Zamfara State Governor, Bello Matawalle says no ransom was paid to secure the release of the over 300 abducted students of the Government Secondary School in the Jangebe area of the state.
He stated this on Wednesday during an interview on Channels Television’s Politics Today.
“There is nothing in exchange for the release; we use those (bandits) that are repented. When we use them, they engage them and I said they should ask them why they did that?” he asked.
“Some of these guys did not accept our peace accord, they are many. Some of them even refused to show their faces to the government. But those that have a good intention of repenting and coming back to society, they are working with the security agencies to make sure that the state is safe.”
When asked how he felt about the release of the schoolgirls, the governor said he was extremely happy with the release of the students.
He explained that his administration received the students after engaging the bandits, noting that he lost sleep within the period.
“I am very happy with the situation; I can’t measure how happy I was at that moment. On that very day, I did not sleep because they left Gusau around 11 am in the morning to the area where the children were kept.
“They did not come back to the state capital till after 4 am in the morning which we were all waiting for them in the Government House,” he added.
The governor noted that most of the former bandits were tired of indulging in criminal activities, recalling that upon his assumption into office, his administration had a stakeholders meeting to provide social amenities to them.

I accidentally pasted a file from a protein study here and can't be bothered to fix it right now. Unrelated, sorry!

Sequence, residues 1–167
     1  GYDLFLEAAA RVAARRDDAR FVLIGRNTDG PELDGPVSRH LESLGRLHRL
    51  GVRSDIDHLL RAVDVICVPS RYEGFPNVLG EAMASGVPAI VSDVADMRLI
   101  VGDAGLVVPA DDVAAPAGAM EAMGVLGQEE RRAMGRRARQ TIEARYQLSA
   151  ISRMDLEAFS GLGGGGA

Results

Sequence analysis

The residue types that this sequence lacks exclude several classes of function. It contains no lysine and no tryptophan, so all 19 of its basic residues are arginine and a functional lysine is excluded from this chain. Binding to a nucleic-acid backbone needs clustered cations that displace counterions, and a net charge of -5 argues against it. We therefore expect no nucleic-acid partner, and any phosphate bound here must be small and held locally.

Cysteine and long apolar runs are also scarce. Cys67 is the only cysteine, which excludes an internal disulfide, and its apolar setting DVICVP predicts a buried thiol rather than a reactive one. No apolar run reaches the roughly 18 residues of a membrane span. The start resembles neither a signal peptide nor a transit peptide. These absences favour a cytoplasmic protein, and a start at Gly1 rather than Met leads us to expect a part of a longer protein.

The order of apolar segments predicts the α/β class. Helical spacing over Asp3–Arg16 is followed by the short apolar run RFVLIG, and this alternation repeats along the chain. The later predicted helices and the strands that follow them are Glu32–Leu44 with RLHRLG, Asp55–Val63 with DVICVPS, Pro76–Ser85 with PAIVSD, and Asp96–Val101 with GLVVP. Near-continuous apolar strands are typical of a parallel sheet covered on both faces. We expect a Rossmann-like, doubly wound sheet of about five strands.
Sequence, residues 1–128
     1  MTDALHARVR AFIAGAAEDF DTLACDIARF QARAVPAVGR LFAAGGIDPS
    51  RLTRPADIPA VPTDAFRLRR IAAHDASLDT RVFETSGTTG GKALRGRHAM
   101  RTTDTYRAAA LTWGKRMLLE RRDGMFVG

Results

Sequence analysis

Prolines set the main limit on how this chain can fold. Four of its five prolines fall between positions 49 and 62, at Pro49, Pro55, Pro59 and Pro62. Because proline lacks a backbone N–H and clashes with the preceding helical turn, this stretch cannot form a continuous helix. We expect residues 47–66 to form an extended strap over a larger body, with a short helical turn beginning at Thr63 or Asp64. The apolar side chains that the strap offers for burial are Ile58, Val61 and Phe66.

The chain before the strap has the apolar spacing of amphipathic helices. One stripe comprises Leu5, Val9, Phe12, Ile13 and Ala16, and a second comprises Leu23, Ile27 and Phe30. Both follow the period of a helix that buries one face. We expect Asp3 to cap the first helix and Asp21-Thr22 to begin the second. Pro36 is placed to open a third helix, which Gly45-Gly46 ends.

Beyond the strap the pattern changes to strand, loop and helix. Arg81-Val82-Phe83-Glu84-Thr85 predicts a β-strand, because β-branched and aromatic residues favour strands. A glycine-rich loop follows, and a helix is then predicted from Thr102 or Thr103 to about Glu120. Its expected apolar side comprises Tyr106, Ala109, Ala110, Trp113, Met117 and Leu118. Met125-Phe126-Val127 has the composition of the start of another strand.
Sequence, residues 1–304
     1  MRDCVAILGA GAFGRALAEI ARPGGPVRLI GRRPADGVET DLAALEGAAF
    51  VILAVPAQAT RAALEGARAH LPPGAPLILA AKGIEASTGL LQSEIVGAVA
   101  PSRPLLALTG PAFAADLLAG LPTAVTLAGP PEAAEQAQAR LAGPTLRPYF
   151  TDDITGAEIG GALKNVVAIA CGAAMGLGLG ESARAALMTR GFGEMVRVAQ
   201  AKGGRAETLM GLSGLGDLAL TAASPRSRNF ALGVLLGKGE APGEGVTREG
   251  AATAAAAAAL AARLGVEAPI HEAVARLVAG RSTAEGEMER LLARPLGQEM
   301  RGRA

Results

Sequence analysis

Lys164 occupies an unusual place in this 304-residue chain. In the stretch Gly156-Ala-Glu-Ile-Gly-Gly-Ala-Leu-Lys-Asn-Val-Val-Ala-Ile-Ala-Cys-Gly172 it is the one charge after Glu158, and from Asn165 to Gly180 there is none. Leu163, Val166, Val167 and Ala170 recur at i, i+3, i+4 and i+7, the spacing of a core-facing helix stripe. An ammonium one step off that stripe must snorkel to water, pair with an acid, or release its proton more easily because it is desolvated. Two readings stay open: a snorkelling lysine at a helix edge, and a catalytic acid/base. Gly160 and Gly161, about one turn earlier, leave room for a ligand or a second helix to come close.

One of such, he noted, was to create shelter for them where they would be engaged in cattle rearing in one confined place, rather than moving about.
“These Fulani, most of them are tired of doing that business. They are tired of it. Sometimes, it is because of their request.
“I have a concept which I am doing in the state called RUGA which will make some settlement for all of them with their grazing reserves, water canal, markets, mosques, schools and hospitals.
“They are very happy with that initiative that they can be in one place. The aim of doing that is to maintain them in one place,” he stated.
The governor’s remarks come a week after gunmen stormed the Jangebe School and abducted the schoolgirls in their scores.
The school which is located within the Talata-Mafara local government area of the state came under siege at past midnight on February 26.
However, the students regained their freedom on March 2 after spending about four days in captivity.